Nimala Toppo-The 14 year old girl who talks to elephants

Fourteen-year old Nirmala Toppo has become something of a minor celebrity in the eastern Indian state of Orissa.

In June, panic gripped the industrial city of Rourkela one night when a herd of wild elephants entered residential areas from dense forests nearby.

Nirmala, forest department officials say, acted as a real-life “pied-piper” when she managed to drive the herd back to the forest, much to the relief of the residents.

She walked many miles with the herd, guiding it out of town, in the process getting blisters on her legs which later turned septic.

“The infection is now gone and my wound has almost dried up,” she told BBC Hindi from her hospital bed where her treatment was organised by the local Red Cross Society.

PITCH INVASION
State forest department officials sought help from Nirmala, who is originally from the neighbouring state of Jharkhand, when they could not get the elephants to leave the city.

Forest official PK Dhola says: “When the herd entered the city, we tried our best to contain its movement. There were 11 of them, including two calves. We managed to make the herd go into the local football stadium, but we were not sure how we could drive them back to the forest. It was a difficult task.”

Mr Dhola says that was when the department decided to seek Nirmala’s help.

“We knew of a tribal girl who lived in Jharkhand, who talked to elephants and was able to drive them back. We called up her father and she arrived along with some other tribal people from her village.”

The state government paid the girl for her services, he added.

Nirmala says she talks to the herd in her local tribal dialect – Mundaari – and persuades the animals to “return to where they belong”.

“First I pray and then talk to the herd. They understand what I say. I tell them this is not your home. You should return where you belong,” says Nirmala who is a Roman Catholic.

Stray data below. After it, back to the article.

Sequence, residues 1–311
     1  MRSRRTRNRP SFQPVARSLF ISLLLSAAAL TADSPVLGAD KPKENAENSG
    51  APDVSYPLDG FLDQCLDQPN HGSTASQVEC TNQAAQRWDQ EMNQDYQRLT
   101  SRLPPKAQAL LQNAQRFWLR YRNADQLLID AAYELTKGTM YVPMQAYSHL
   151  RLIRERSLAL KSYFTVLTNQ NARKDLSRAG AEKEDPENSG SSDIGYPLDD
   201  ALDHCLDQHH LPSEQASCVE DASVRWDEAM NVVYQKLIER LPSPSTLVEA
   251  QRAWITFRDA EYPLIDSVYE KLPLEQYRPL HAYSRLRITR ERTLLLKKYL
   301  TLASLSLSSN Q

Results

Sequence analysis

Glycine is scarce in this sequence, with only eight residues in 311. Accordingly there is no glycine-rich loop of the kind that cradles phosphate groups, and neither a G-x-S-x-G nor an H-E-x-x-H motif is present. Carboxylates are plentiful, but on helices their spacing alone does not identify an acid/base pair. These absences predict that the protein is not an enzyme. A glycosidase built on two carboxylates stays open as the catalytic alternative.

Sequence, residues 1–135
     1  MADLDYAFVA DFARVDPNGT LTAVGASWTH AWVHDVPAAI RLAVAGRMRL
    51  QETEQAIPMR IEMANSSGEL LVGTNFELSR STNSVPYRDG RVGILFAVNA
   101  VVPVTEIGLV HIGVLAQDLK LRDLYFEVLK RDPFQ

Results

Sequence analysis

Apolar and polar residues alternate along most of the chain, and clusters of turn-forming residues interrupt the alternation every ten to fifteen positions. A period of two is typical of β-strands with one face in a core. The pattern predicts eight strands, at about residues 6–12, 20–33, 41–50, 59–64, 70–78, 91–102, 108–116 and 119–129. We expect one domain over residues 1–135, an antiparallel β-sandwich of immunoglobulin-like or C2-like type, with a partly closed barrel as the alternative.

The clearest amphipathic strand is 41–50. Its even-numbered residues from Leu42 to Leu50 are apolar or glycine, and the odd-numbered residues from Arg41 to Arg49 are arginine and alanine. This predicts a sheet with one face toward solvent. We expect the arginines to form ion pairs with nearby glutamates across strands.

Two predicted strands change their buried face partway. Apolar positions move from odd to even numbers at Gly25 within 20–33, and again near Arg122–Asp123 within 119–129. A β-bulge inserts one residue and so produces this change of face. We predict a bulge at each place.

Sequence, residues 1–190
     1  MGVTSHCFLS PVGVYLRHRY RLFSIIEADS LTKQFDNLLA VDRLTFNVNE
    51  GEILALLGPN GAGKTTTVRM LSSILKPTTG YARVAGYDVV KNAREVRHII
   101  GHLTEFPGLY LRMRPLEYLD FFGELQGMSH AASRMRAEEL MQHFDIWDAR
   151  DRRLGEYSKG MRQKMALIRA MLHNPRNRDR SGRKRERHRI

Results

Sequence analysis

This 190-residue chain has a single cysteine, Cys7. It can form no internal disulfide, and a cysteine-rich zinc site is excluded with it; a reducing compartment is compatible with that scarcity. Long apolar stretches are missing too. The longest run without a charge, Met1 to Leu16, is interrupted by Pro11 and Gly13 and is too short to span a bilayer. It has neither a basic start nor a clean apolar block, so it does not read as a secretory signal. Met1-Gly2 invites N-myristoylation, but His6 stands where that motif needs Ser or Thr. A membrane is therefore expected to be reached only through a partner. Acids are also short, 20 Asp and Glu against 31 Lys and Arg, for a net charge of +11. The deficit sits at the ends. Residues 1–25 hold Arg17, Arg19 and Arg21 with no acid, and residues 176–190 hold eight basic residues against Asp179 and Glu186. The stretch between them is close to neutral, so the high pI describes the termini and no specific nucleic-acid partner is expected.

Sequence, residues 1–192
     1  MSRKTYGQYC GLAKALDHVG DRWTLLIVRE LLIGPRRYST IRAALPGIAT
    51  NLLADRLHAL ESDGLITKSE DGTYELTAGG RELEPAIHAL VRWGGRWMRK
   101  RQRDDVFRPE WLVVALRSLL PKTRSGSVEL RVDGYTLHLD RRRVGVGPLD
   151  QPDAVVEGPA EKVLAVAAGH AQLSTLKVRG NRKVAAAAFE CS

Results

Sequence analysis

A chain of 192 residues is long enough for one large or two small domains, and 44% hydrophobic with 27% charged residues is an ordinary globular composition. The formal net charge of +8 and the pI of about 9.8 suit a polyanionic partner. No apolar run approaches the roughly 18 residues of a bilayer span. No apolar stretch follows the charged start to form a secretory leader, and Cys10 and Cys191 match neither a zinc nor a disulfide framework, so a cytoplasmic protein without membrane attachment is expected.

Her mother, she says, was killed by wild elephants and that was when she decided to learn the technique to drive them away.

In her work, she is assisted by her father and a group of boys from her village.

“We surround the herd. Then I go near them and pray and talk to them.”

‘LADY TARZAN’
But some are not convinced by Nirmala’s methods. Orissa-based social activist Rabi Pradhan says there is no scientific evidence that wild elephants can understand what a human says. Mr Pradhan says the girl claims to talk to the herd in her own tribal language, but there is no basis for the elephants to follow what she says.

However, others explain such behaviour by saying that tribal people and elephants – or for that matter, other wild animals – have been cohabiting in the forests for ages.

Niel Justin Beck, a member of the district council in Jharkhand’s Simdega area, where Nirmala comes from, says due to their co-existence with the wild animals, the tribal people know how to deal with them.

“In Jharkhand, we call Nirmala a lady Tarzan. Whenever marauding elephants enter a village or destroys crops, the local forest department officials never turn up.

“It is then that the villagers approach Nirmala for help. And she is able to successfully drive away the herd after talking to them.”

Source: bbc news

A story of HOPE

A story of HOPE
If only Mrs T* knew what was in for her when she got married…

Mrs T was a successful business woman who travelled to neighbouring countries to get her wares. An hard working woman that never settled for less. She grew up in a polygamous home with so much rivalry and hatred. A home where one rule stood firmly.”Once you get married, you have no business with the family again. No coming back”. She inherited her source of wealth from her late mother. Hardwork and favour from God made it a success. Mrs T is a wonderful mother to four children. She loved her husband and never complained about his incapability to provide for the family. She was practically the bread winner of the family.